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Mets spot Wheeler pitch-tipping issue

CHICAGO -- It did not take long for Mets manager Terry Collins' cell phone to light up with messages about Zack Wheeler. By the end of Tuesday's game, seemingly everyone was chiming in with evidence that in his second career start, Wheeler tipped his pitches.

"I'm not on Twitter, but I do have an e-mail address and I do get texts." Collins said. "So I got a little indication he might be tipping."

The Mets actually diagnosed the issue themselves, noting that Wheeler was altering his delivery for offspeed pitches. But they refrained from making in-game corrections, wary that Wheeler might overcompensate and have command issues as a result.

Pitching coach Dan Warthen originally sensed that Wheeler also had the issue during his Major League debut in Atlanta, but the rookie's sharp fastball command kept the Braves off balance anyway. That was not the case Tuesday, when the White Sox laid off his bad pitches and jumped on his mistakes.

"I don't know if it's just this level or just last night, but they were laying of a lot of sliders that I thought were good pitches," Wheeler said. "Some of them they probably would have laid off anyway, but some of them I thought were good pitches that they laid off. It's an easy fix. We'll get it fixed before next start."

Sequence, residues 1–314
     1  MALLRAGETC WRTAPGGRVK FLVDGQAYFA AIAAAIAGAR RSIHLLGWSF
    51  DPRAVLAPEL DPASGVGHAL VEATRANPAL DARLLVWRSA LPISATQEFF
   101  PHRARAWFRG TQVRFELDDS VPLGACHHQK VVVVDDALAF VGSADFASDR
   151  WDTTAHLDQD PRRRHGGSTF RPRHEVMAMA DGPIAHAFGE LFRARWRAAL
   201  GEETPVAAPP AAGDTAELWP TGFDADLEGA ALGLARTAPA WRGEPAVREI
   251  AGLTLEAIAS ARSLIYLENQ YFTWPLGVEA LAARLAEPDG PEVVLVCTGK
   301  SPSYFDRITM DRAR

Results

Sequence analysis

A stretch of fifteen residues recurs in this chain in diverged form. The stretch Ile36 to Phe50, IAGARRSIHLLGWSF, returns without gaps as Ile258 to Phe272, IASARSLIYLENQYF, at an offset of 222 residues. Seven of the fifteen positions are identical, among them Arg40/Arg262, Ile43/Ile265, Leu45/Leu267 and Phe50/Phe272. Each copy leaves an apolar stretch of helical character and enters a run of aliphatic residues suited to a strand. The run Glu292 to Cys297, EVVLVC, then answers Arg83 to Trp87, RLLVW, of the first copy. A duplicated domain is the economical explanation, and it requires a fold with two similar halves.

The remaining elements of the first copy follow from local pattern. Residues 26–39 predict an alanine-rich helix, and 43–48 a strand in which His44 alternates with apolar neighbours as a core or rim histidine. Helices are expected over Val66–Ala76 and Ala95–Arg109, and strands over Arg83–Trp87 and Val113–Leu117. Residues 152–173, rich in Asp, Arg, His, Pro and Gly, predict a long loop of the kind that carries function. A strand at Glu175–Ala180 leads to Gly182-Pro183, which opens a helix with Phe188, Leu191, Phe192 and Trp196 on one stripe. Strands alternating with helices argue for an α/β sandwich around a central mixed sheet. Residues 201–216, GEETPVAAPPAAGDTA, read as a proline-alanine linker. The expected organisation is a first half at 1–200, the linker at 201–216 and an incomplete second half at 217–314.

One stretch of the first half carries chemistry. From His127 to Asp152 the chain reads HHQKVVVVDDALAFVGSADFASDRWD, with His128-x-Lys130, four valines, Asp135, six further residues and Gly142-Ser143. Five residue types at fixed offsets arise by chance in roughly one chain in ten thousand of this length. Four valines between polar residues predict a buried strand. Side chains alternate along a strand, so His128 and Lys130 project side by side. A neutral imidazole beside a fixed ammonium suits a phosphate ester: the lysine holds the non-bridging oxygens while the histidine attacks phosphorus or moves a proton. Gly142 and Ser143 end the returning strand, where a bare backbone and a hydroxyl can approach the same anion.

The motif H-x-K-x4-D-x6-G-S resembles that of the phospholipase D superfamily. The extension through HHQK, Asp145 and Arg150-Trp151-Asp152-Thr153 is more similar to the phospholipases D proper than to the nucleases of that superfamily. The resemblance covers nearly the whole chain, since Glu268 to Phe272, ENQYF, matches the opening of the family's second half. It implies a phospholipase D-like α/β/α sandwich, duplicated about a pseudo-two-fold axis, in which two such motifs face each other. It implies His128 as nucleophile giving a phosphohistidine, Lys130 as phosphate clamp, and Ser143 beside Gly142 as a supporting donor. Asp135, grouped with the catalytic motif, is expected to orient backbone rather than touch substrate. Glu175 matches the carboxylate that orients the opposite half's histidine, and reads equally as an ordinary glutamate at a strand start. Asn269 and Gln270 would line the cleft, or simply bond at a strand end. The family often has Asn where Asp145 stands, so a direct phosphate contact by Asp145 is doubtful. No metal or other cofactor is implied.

That process started Tuesday afternoon, when catcher John Buck took Wheeler aside for a more general chat about his first two outings. Warthen plans to work with the rookie during his between-starts bullpen session, hoping to iron out what Wheeler believes should be an easy fix.

"I was totally unaware of it," Wheeler said. "I've never done it before. I haven't seen video or anything of last night so I really don't know what I was doing, but I'll try to fix it."

Hesitant to use the pitch tipping as an excuse for the four runs he gave up in 5 1/3 innings, Wheeler saw the issue more as a reality check.

"This little stuff, guys take advantage up here," Wheeler said. "They're up here for a reason, so they're going to take advantage of every little thing. They're going to pick you apart. It's a little bit tougher up here."

Anthony DiComo is a reporter for Follow him on Twitter @AnthonyDicomo.
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